I find it hard sometimes not to be overwhelmed by all the things I want to experience, learn, understand, create… the places I want to see, the positive impact I want to have on those around me and the world… It’s also such a source of motivation and inspiration to live, live, live.
We sail to the Lavezzi Archipelago in the Strait of Bonifacio, a collection of granite islands and reefs between Corsica and Sardinia listed as UNESCO World Heritage. Small enough to fully explore by foot, we traverse the main island to find a spot we like away from the jetty where tourists are dropped off. There isn’t a scrap of shade here and we’re terribly grateful for our parasols and the fresh sea breeze cooling down the beach.
The terrain is arid and almost desert-like under cloudless skies, with dirt paths that designate areas of the marine park we can access and granite boulders that seem randomly scattered. Here the orange moss paints the scrub with colour, stark against the bright turquoise of the sea. After exploring a little, I find a perfect half-submerged rock and spend the better part of the afternoon reading, rolling off into the water for a swim each time I get too hot. I devour books and my kindle has completely changed travelling for me; just being able to access so many books without the hassle or weight of carrying them.
The boat ride back to town gives us a spectacular view of Bonifacio from the sea ; a magical white city perched precariously on the very edge of a cliff, almost daring the rocks to crumble away beneath it. The aptly named ‘Napoleon’s Hat’ cave that guards the east side of the harbour’s entrance seems to swallow our boat.
We decide to go for an adventure in the mountains to get a taste of Corsica’s highlands. Mum stays by a river to read and the rest of us trek up and into a vast canyon, half rock-climbing half walking, with pine trees all around and imposing mountains above us. We’re all in bikinis/boardies and sandals or thongs, having expected easier terrain, and the families we pass in full hiking gear and backpacks sometimes do a double take. Sweating under the sun’s zenith, I don’t envy them.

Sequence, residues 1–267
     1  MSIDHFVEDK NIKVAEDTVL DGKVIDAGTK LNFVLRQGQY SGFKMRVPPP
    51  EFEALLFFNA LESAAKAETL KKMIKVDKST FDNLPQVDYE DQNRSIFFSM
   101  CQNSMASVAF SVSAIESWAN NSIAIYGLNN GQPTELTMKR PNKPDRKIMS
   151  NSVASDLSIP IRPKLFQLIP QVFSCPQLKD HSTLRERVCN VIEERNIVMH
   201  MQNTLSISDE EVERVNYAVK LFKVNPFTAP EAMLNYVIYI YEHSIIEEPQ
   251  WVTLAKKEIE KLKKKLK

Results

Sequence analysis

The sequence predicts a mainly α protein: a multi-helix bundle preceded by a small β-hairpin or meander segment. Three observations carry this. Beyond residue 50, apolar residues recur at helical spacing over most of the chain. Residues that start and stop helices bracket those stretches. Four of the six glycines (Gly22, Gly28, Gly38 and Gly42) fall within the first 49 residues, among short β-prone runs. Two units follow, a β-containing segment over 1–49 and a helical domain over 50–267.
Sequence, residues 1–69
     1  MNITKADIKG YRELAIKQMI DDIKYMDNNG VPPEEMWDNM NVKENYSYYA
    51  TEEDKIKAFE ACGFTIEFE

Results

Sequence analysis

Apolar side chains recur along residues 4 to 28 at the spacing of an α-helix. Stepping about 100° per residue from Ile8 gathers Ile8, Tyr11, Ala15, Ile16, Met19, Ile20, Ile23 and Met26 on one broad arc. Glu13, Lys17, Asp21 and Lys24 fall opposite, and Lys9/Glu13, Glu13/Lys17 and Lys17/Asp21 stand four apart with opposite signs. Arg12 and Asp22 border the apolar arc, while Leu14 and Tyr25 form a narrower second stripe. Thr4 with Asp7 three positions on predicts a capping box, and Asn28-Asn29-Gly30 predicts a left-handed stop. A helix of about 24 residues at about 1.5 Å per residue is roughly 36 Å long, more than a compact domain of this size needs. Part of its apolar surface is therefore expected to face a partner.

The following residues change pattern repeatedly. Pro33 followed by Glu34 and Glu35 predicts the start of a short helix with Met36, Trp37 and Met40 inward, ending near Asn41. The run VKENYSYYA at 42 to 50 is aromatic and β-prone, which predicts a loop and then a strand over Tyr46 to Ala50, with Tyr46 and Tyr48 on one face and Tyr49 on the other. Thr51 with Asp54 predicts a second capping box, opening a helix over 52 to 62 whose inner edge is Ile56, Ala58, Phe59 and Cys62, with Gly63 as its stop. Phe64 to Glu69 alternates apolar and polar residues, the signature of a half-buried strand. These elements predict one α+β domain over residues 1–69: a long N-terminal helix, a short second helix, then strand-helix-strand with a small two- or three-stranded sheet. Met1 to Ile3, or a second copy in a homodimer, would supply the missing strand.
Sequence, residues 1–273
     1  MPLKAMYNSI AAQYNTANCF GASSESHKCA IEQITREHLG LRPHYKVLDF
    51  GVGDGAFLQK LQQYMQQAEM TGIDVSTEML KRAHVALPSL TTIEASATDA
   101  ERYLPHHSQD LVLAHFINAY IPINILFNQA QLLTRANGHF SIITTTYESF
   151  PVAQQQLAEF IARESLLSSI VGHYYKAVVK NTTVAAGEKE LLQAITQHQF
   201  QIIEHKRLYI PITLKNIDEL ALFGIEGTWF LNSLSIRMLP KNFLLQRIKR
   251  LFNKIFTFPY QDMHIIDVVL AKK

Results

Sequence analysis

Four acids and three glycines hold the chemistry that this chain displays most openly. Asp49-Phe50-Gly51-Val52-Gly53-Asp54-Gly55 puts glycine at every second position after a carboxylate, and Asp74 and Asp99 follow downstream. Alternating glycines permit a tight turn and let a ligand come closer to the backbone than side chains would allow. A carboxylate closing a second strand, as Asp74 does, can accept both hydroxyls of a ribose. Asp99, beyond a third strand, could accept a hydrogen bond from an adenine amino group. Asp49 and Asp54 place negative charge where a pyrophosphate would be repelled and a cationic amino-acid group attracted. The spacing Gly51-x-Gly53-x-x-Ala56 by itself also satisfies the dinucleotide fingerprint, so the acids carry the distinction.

It proves to be somewhat challenging climbing up rock faces with my DSLR camera slung around my neck so we sometimes make human chains to pass it down. We get lost twice, but each time find little hidden creeks to swim in. We get back on track and get lost again.
Little could compare to arriving at the secret oasis that is Purcaraccia, hidden from view deep within the mountain canyon walls… it’s a natural amusement park, with smooth granite waterslides that pour crystal clear freshwater into numerous green pools.
We drive up to Col de Bavella, a 1218m high mountain pass populated by very peculiar trees that grow tall and narrow with amusingly flat tops. We can see the Aiguilles de Bavella mountain range jutting up out of the landscape.
The drive back down the mountains is beautiful. So different to the coastal landscapes. We all sit almost in awe watching the trees fly past.
We sit on the southern tip of Corsica at sunset with wood-fired pizzas still hot from the oven. I don’t know what it is about pizza in Europe but the topping to crust ratio is so on point, and the pizza base has the perfect amount of crunch. It’s peaceful up here. I feel like there’s moments on family trips where everyone wants to strangle each other and then there’s moments where you’re all so content with life that all you can do is sit with a goofy smile on your face. This was definitely one of those times. (The smiles, not the strangles).
On our last morning in Corsica, we wanted to head back to the mountains, on the condition that we find a waterfall or a swimming hole to cool down in. Luckily, we found both. Piscia Di Gallo (“Fir tree cascade”) was nice to look at but disappointingly inaccessible for swimming. Even scaling down past the safety fence, we arrived at a dead end with an unpleasant drop onto the rocks below.
By sheer luck, we stumbled upon this random plunge pool on an off-trail whilst on our way back and ended up spending the best hour cooling off with the other families who had also wandered this way, jumping off rocks and lazing in the sun. Bless this island and all its secret pools.
6 days in Corsica, though filled to burst with wonder, didn’t feel like long enough for what the island has to offer – there is so much more to explore. But, they were enough to make me love the place… and also enough to know that I’ll be coming back.